Who do you know who is struggling? How can you be an advocate, an intercessory healer, a representative of Christ? How can you help others envision a different sort of outcome for the brokenness in their lives? And if you are the one who is suffering, whom can you ask for help? How will you take the step of faith not only to trust Jesus to heal you, but also trust the members of his Body to intercede and advocate for you?

in-the-shelter

 

Discipleship Takes Obedience

Last week, I invited you to “own” your discipleship. To go out in the deeper water and actually follow Jesus. This week we arrive at the very next step, which is the daily decision to keep following Jesus. This is the place where most of us stall out as disciples — somewhere between that first “yes” to Jesus, and the next dozen or hundred “yesses.” After all, at some point down the road Jesus will say, or do, or ask something that makes us slow down in our tracks. Or, we will have something else along the roadside grab our attention. Have you ever seen the movie UP with that dog being so distracted by that squirrel?  I was having dinner with two of my cousins this past week and we were people watching.  Our grandmother used to love to people watch at the State Fair, so it’s in our genes.  Ha!  We observed a couple who were sitting in front of the sunset on their phones.  It was not just a quick glance, it was a whole 5-7 minutes.  Maybe they were texting each other.  They may be texting one another.  I don’t want to judge.  But these smart phones are easy to get distracted by.  Sometimes we will just long to head back to Galilee and that ship full of fish. That would definitely be easier. It’s the struggle to keep following, to keep in step with the Lord. And the word that sums that it all up is obedience. Being in the making as a disciple takes obedience.

It’s hard to wrap our heads around obedience to God, because in human relationships healthy obedience is so rare. How can we obey someone else if even the best make mistakes? And, at worst, human “obedience” can be totally corrupt, based in fear, coercion, control or manipulation. Think about child soldiers in Africa or abusive households. Think about the big ways in history that the people of faith have gone wrong: the Pharisees, the crusades, the inquisition, legalistic fundamentalism, the Jonestown massacre. Because of our fallen human condition, “obedience” can go horribly wrong. If we focus on the “rules” TOO MUCH, we miss the freedom Christ wants to give us. If we focus on getting everything “right,” we miss the beauty of grace. Not a cheap grace, as I said last week, but a costly grace. The grace that comes from a Savior that suffers alongside of us, Emmanuel, and was obedient unto death for you and me.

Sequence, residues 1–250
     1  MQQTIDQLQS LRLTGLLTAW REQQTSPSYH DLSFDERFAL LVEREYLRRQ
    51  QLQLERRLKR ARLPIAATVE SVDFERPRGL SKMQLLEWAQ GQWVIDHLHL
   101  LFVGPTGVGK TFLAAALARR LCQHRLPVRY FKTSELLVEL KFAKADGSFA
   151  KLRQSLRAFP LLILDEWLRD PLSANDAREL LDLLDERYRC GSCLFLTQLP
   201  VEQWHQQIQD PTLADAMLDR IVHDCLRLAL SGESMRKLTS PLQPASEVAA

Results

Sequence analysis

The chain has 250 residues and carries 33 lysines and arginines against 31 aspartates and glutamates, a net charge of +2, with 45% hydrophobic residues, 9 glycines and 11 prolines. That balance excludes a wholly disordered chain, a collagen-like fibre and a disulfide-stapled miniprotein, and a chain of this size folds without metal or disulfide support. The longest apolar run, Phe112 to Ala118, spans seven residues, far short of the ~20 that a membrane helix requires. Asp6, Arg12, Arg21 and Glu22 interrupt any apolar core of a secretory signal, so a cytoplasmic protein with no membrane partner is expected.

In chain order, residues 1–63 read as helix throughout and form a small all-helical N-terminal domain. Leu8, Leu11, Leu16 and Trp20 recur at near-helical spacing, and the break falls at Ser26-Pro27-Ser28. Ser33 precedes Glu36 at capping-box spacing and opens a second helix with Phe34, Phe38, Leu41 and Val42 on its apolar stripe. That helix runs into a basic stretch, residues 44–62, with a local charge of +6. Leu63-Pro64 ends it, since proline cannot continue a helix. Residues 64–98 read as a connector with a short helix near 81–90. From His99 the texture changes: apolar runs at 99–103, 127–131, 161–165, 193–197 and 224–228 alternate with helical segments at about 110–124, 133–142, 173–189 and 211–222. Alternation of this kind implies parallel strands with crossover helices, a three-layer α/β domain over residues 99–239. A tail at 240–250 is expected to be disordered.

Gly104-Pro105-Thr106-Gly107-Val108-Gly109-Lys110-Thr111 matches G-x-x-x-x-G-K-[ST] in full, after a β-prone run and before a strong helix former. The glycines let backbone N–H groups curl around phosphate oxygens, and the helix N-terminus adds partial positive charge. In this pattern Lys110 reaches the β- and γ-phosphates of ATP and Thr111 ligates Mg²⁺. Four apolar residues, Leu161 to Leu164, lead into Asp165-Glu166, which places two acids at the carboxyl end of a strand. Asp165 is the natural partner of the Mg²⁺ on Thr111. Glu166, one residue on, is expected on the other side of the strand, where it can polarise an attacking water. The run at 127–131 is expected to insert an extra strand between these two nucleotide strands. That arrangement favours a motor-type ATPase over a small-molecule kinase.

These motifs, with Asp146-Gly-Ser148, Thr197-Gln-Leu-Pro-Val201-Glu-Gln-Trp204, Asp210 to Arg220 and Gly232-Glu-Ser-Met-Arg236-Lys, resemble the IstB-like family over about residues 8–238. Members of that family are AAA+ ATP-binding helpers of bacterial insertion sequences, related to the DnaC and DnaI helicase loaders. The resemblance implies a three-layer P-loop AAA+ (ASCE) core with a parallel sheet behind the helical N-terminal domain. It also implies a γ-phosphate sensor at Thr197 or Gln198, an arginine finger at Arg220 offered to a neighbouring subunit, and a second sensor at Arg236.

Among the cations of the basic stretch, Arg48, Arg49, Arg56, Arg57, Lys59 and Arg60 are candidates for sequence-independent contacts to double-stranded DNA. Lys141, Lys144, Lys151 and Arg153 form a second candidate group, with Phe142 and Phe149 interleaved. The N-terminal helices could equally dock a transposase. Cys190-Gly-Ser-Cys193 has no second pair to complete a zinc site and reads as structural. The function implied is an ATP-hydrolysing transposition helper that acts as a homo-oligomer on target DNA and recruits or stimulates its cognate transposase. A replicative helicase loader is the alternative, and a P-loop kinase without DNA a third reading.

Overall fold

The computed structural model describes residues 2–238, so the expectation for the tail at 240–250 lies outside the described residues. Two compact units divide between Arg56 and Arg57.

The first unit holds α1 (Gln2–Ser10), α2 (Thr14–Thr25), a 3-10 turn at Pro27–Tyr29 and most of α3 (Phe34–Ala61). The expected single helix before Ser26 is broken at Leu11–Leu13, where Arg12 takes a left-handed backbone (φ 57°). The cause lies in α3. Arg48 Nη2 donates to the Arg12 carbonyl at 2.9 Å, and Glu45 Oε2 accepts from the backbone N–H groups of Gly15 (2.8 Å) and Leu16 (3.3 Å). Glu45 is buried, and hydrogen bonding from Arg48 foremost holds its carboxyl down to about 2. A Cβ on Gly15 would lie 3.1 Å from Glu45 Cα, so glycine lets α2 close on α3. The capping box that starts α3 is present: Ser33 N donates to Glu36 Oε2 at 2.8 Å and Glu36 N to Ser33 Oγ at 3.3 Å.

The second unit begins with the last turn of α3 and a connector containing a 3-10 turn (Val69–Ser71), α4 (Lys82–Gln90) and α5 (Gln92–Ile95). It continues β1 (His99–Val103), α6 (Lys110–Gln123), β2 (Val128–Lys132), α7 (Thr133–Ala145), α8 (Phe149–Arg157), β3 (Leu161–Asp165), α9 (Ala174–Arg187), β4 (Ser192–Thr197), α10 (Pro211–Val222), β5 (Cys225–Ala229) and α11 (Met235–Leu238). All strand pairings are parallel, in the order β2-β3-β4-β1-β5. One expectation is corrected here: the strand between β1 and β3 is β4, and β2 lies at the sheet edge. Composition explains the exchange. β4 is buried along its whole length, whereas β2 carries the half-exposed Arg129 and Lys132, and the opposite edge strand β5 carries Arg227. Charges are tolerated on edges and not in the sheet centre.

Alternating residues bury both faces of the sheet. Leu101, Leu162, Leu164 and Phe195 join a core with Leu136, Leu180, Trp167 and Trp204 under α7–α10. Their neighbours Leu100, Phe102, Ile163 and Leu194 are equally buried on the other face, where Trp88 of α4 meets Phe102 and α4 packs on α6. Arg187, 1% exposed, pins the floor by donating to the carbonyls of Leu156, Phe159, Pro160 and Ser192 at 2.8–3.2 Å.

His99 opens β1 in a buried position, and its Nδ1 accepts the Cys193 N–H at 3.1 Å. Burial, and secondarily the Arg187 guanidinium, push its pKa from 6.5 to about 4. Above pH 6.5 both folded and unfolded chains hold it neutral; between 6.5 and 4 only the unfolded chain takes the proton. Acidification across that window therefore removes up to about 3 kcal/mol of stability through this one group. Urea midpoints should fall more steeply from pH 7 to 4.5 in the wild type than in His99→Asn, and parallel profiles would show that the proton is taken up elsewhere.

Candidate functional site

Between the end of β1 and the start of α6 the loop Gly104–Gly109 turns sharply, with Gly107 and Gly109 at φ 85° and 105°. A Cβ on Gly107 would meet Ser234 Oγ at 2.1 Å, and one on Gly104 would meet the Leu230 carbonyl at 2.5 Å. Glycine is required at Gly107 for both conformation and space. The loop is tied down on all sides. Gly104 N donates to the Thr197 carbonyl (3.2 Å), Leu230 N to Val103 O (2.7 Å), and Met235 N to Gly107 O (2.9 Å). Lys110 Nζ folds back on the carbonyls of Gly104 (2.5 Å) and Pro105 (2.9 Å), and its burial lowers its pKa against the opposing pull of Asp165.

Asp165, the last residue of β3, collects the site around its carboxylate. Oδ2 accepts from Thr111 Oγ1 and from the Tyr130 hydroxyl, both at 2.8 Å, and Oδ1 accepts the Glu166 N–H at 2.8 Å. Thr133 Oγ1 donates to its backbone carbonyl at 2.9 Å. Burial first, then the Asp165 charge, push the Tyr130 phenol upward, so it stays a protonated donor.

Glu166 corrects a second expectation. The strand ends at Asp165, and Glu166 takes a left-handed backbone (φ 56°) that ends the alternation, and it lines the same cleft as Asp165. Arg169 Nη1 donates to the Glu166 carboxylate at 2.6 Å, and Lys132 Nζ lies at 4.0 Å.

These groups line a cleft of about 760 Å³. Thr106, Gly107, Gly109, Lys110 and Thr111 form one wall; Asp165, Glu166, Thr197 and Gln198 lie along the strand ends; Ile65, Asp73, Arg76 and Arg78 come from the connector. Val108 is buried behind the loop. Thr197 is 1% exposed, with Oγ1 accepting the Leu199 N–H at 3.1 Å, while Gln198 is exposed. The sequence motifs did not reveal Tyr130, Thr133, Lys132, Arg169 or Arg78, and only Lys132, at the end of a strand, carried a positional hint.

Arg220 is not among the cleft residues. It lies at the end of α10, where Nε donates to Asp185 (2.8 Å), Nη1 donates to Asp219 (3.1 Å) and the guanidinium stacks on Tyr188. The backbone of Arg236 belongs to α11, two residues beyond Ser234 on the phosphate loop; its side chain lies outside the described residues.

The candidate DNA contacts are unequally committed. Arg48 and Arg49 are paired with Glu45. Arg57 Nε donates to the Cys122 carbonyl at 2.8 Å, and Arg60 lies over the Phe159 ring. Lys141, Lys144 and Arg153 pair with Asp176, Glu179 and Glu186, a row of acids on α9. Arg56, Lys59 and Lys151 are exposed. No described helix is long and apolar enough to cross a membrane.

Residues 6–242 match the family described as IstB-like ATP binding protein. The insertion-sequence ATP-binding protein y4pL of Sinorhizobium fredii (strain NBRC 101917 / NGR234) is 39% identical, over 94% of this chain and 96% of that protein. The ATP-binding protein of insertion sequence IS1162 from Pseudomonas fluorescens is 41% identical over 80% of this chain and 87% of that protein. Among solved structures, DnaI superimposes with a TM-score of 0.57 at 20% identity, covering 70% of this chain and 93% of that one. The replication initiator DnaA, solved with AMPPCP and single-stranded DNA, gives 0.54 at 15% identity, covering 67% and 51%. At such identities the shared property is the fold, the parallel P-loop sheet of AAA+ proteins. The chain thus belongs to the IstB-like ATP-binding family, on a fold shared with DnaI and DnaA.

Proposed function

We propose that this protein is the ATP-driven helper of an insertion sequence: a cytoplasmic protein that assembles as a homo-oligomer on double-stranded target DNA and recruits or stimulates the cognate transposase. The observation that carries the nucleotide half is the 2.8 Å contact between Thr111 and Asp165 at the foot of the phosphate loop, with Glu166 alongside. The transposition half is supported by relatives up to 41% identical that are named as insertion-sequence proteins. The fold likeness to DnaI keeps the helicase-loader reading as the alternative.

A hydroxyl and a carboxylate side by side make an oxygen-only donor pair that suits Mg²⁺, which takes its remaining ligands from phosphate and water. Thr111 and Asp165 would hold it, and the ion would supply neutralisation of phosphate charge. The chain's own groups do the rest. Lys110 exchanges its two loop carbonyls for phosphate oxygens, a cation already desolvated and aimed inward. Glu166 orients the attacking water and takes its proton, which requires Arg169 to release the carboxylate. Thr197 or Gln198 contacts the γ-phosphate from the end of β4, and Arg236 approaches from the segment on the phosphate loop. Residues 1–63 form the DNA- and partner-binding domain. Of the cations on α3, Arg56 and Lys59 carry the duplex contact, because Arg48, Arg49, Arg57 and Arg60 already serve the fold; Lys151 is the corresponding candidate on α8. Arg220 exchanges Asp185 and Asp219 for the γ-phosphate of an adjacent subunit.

Philippians 2:5-8 says, “Let the same mind be in you that was in Christ Jesus, who, though he was in the form of God, did not regard equality with God as something to be exploited, but emptied himself, taking the form of a slave, being born in human likeness. And being found in human form, he humbled himself and became obedient to the point of death, even death on a cross.”

Some of you may be thinking of course he was obedient. He was and is Jesus. The perfect one. Need I remind you of his 40 days in the wilderness, of temptation after temptation, or him praying in the Garden of Gethsemane “Take this cup from me.” It’s not easy to be obedient. Not even for Jesus, who was at the same time God and man.

If we own our discipleship and we’re growing more and more like Christ, it’s still going to be hard at times to be obedient, to walk in the way that leads to life. We have a hard time with obedience, because most of our culture rejects it. We want to take the easy way out, get out of things, or be ambivalent. My peers, the millennials and younger, look at all that broken human history and we mistrust human institutions and traditions, especially the Church. We say, “Don’t drink the Kool-Aid. Question everything. Preserve your freedom!” And, culturally, we’ve concluded that there is ultimately only one person who is trustworthy to obey — ourselves. Let that sink in a little bit. Some say the only person you can truly depend on is your self. But the problem with that is my “self” is just as human as everyone else. I operate under the same fallen human condition. If I think obeying only myself is going to solve anything: *newsflash* how has that gone for me so far? I find, sometimes, that myself is an idiot. “I” am just as corrupt and self-centered and off-base as any institution. The Christian faith tells us that our only hope is to be guided by something that exists outside of this broken, fallen system. Something, or rather Someone, who loves us, who understands all the perfection and glory that God meant for us before the fall. Where are we going to find Someone like that? As a matter of fact, he came to find us, and his name is Jesus. It’s totally counter-intuitive, but what it means is that the only way for any of us to be truly free, or to be our truest selves, is to give ourselves over to him. We’ve got to lose our lives to save them. Jesus calls us to live counter-culturally. Obey God alone. Follow Jesus’ instructions. Go where the Spirit leads you. Trust.
I think we get a great glimpse of it in Matthew 10:5-15 today. It’s a great picture, literally, of what comes next right after the disciples have first said “Yes” to begin following Jesus. And it says a lot for proper obedience.
Matthew 10:5-15